First Drive: Mazda6
Sector: Upper Medium Price: £19,795–£28,795 Fuel: 47.1–68.9mpg CO2: 107–139g/Km
While new segments and premium brands might be stealing sales away from the traditional upper-medium saloons and estates, there are some genuinely brilliant options for those who don’t see the need for a high-riding lifestyle vehicle or flashy badge. The Mazda6 is up at the top of that list.
It’s been an important part of the brand’s surging sales since it launched early in 2013. The carmaker sold 37,784 cars in the UK last year, a 21% increase, and with the Mazda2, Juke-rivalling CX-3 crossover, a new MX-5 and refreshed CX-5 and Mazda6 all launching during 2015, it’ll be surprising if its results aren’t equally positive next January.
For the most part, the Mazda6 line-up is unchanged. There’s still a choice of SE and SE-L versions, each with the option to move into a navigation-equipped trim level for an extra £700, and the range is topped out by the striking Sport Nav. Unusually it manages to look sporty and elegant regardless of bodstyle or trim level, so there’s been no need to perform radical changes.
Instead, the majority of updates are found inside the car. All versions now feature a tablet-style seven-inch touchscreen on top of a redesigned centre stack, now using the web-enabled MZD Connect infotainment system instead of the clunky TomTom unit used to date.
Leather upholstery, if the option is ticked, is matched to a horizontal strip across the dashboard, and the centre console looks much neater with its electronic handbrake. That latter point is divisive, but the cabin feels convincingly more upmarket than it did before.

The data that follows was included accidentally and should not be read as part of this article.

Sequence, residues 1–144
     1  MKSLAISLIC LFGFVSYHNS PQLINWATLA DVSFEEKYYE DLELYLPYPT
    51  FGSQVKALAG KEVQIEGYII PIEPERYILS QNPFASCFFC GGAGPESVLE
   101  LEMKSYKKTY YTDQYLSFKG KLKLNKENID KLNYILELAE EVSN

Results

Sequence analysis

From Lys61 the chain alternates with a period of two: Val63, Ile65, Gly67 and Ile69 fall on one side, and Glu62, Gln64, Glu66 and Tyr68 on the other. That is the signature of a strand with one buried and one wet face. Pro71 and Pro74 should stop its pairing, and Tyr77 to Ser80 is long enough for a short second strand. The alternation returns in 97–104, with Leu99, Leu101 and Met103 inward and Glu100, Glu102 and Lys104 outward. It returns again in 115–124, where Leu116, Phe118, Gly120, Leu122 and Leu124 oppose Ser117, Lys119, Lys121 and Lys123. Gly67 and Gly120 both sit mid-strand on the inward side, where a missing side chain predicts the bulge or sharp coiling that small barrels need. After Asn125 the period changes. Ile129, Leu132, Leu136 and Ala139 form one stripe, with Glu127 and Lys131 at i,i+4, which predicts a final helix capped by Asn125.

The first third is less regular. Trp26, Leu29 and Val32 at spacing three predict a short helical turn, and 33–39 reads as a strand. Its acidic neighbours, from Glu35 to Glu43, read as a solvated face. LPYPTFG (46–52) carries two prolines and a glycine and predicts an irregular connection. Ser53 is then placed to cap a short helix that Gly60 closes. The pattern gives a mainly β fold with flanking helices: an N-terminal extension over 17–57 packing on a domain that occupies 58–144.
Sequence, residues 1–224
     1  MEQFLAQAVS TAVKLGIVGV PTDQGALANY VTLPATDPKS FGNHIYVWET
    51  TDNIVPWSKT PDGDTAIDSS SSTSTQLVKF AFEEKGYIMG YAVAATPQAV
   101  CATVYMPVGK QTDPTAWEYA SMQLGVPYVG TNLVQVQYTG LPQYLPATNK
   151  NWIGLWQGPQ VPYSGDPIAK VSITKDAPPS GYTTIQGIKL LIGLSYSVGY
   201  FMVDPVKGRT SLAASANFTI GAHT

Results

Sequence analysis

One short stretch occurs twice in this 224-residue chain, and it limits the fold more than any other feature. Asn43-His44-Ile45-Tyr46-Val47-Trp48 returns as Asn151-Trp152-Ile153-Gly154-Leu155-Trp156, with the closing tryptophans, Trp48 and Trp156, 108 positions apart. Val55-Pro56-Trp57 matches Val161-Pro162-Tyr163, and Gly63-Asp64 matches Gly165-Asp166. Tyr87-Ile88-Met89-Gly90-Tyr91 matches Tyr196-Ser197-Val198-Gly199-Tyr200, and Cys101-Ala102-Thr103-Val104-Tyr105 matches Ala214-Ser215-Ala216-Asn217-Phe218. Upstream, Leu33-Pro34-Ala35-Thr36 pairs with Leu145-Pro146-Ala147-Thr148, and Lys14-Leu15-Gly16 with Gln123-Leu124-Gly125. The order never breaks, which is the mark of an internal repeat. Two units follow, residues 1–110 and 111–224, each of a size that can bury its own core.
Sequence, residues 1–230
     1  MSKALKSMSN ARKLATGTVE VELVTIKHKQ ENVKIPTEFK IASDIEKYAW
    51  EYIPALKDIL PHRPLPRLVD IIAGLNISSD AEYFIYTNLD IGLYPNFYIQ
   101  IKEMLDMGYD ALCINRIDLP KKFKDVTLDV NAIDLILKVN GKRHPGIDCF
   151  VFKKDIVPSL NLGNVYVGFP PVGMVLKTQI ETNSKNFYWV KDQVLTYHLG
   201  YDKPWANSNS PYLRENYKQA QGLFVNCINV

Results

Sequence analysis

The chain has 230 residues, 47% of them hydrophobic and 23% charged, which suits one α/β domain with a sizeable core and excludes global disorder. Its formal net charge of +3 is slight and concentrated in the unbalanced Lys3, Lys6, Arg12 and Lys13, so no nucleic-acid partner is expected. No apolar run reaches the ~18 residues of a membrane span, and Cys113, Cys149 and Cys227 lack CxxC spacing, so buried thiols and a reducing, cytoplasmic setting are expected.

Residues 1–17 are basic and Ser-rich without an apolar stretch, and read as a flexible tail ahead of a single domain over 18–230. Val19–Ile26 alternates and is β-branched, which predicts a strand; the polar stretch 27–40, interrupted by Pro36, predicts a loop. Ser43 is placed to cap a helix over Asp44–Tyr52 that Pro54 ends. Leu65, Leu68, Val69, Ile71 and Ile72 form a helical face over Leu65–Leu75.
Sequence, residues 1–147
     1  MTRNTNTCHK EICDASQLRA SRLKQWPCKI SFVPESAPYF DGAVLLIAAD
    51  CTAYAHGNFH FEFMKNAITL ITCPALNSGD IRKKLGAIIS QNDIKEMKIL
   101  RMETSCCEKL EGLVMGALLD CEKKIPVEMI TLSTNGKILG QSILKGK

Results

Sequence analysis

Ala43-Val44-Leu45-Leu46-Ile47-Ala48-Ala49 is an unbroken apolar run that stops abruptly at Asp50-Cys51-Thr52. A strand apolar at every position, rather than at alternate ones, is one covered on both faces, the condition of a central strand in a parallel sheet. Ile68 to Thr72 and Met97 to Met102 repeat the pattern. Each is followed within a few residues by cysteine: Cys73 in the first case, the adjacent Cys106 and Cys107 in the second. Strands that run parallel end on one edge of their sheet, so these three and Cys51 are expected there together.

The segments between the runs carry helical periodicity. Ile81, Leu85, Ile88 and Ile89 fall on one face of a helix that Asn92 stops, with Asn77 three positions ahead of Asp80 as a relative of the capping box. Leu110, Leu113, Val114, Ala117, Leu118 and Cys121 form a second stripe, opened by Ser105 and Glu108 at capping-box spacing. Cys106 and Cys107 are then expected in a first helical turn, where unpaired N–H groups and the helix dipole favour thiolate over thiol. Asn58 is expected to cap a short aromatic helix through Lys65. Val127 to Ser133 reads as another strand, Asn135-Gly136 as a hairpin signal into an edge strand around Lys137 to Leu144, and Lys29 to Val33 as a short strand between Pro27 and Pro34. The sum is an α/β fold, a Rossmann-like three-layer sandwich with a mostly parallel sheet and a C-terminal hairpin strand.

Sport Nav versions get the biggest upgrades, which Mazda reckons could help bolster sales of its flagship trim level. With new 19-inch wheels, a thicker grille flanked by LED headlights and a six-way adjustable driver’s seat in its leather-trimmed interior, it wouldn’t feel like a downgrade from any premium-brand rivals.
Neither would the driving experience. Mazda’s SKYACTIV Technology package, comprising weight reduction, chassis refinement and new four-cylinder engines, made this one of the segment’s best driver’s cars; susprisingly agile and with perfectly weighted steering, a sporty driving position and short-throw gear changes. None of which comes at the expense of comfort, short of the firmer ride quality on the Sport Nav’s bigger wheels.
But engines are still at the large and powerful end of the segment. Mazda’s 2.2-litre diesel offers strong, linear power delivery and competitive on-paper figures for both the 150bhp and 175bhp outputs, but there’s no 1.5-litre diesel to bring CO2 emissions under 100g/km. The upside is, they’re genuinely fuel efficient in real-world use and, with the additional sound deadening fitted for 2015, they’re also incredibly quiet.
So while this segment’s sales are being challenged by premium brand products, crossovers and MPVs, the Mazda6 is a reminder that there are still plenty of reasons to stick with the traditional D-segment saloon or estate. Ironically, it might just be becoming an avant-garde choice.
What we think
Striking good looks, an engaging drive and competitive running costs continue to put the Mazda6 in a good position for those who aren’t chasing sub-100g/km CO2 emissions.
First Drive: Mazda6
SECTOR Upper medium PRICE £19,595 – £28,045 FUEL 47.9 – 68.9mpg CO2 108 – 136g/km
For a relatively small manufacturer, Mazda’s disproportionately large back-catalogue of innovation is impressive and, if anything, rather under-marketed. But there’s a real buzz in Yokohama at the moment, and it seems Mazda is about to edge in on some of the limelight it’s always deserved.